Madison Square Garden is not finished fighting sexual harassment charges.
On Tuesday, it lost a case brought against Isiah Thomas, the Knicks’ coach and team president, by a fired top executive. A federal jury in Manhattan ordered the Garden and its chairman, James L. Dolan, to pay the executive, Anucha Browne Sanders, $11.6 million in punitive damages for sexually discriminating against her.
But looming is a possible second trial, one with similarities to the Browne Sanders case.
In a lawsuit filed nearly three years ago, Courtney Prince, 29, the former captain of the Rangers City Skaters, the team’s cheerleading squad, sued the Garden and two of the team’s employees for sexual harassment and retaliation by firing her and then smearing her reputation.
If the Garden follows the same strategy it used against Browne Sanders, it will refuse to settle, and an even more salacious lawsuit will be sent into the maelstrom of public opinion.
In that pursuit, the Garden risks further hurting its image with fans and sponsors.
“How much do they care about damage to their image?” said Kathleen Peratis, Prince’s lawyer. “Maybe it’s not in their DNA to care if they look bad in the public eye as long as people buy tickets.”
In October 2004, Prince said that she was harassed and then fired after she told other skaters that she had been solicited for sex by a public-relations manager for the team during a postgame encounter in a bar in late December 2003.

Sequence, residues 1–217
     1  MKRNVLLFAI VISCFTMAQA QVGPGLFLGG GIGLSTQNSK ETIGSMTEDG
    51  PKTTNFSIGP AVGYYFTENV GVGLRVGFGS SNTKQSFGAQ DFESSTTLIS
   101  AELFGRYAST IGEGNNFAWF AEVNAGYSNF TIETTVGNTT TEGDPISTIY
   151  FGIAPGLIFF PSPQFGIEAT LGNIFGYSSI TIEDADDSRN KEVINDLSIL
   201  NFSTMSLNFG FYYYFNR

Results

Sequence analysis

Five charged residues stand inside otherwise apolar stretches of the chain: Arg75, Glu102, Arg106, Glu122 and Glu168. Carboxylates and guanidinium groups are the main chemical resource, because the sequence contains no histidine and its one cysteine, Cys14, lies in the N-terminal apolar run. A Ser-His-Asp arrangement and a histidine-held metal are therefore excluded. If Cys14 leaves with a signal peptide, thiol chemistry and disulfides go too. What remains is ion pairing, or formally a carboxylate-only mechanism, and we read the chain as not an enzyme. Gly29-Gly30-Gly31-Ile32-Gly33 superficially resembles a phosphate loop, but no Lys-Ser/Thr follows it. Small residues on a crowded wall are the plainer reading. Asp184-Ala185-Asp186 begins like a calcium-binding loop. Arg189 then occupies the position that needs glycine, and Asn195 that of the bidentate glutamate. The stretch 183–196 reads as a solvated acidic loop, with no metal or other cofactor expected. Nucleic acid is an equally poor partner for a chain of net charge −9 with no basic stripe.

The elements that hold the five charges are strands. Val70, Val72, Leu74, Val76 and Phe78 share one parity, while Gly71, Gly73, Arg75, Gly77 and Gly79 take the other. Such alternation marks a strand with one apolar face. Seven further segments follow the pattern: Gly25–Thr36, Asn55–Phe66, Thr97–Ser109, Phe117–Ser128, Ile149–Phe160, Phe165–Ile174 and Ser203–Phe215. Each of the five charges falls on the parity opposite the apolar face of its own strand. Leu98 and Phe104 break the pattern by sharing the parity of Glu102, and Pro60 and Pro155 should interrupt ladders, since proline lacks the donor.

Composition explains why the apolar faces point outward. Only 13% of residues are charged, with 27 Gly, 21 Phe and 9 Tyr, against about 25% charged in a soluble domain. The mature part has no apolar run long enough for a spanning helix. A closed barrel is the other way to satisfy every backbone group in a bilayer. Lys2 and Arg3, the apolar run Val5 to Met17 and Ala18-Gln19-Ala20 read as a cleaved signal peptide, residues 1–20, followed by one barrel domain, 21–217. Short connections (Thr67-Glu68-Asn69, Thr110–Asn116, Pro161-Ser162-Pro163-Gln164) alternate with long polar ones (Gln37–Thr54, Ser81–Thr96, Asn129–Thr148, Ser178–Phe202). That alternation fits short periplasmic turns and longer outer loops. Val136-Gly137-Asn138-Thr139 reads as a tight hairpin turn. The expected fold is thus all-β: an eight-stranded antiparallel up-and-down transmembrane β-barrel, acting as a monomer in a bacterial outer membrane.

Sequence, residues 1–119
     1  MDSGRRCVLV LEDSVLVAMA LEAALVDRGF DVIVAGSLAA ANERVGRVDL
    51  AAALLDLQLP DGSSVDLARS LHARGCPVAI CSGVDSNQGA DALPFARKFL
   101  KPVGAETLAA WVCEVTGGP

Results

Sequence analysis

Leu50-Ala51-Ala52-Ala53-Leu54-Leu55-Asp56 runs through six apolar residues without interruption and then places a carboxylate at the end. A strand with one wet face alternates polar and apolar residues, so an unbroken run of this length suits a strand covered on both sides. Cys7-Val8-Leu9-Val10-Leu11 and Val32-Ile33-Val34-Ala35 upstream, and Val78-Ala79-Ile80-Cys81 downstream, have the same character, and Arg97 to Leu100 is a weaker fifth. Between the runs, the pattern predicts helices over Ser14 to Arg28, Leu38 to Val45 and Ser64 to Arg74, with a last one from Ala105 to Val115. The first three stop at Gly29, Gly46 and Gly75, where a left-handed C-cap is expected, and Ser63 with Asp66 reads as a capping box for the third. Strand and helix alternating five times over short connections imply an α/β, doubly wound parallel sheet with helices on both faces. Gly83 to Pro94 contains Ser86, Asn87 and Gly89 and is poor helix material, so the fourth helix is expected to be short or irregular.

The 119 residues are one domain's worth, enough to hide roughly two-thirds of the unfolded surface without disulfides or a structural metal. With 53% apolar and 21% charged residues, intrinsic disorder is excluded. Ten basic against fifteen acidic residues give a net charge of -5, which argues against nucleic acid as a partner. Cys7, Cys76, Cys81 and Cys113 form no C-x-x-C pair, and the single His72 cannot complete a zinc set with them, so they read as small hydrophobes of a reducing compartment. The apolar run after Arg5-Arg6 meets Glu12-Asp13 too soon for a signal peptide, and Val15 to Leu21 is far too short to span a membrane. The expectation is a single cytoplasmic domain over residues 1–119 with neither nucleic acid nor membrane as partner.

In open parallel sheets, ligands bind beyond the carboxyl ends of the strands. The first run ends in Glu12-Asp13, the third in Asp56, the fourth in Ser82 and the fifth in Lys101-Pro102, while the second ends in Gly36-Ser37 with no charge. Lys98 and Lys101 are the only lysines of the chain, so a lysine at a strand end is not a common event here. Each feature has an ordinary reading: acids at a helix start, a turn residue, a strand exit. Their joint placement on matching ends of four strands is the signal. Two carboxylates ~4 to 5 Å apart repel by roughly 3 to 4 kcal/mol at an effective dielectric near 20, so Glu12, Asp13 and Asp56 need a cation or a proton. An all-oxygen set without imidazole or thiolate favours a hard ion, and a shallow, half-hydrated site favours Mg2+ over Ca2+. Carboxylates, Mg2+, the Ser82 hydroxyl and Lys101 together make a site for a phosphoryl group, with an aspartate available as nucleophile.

She said in the lawsuit that after her efforts to warn the skaters about the incident and tell them to be cautious in their dealings with management, the Garden fired her and interviewed her former colleagues, yielding a dossier of accusations about her graphic sexual language and sex talk, degrading and race-related comments and tart advice on how to look sexier.
In one instance, a psychiatrist hired by the Garden gave Prince a diagnosis of bipolar personality who was likely to have been manic and hypersexual at the time of the bar incident. But Prince’s court documents argue that she showed no unusual symptoms when the doctor examined her and that he issued the diagnosis of her emotional state from 10 skaters’ unsworn affidavits.
Subsequently, two skaters provided Prince’s legal team with affidavits saying they had been coerced by the Garden into signing statements.
“Every case is different,” Peratis said. “But at this stage, it is typical for defendants to smear the plaintiff, and the more power the defendant has, the more they can do it.”
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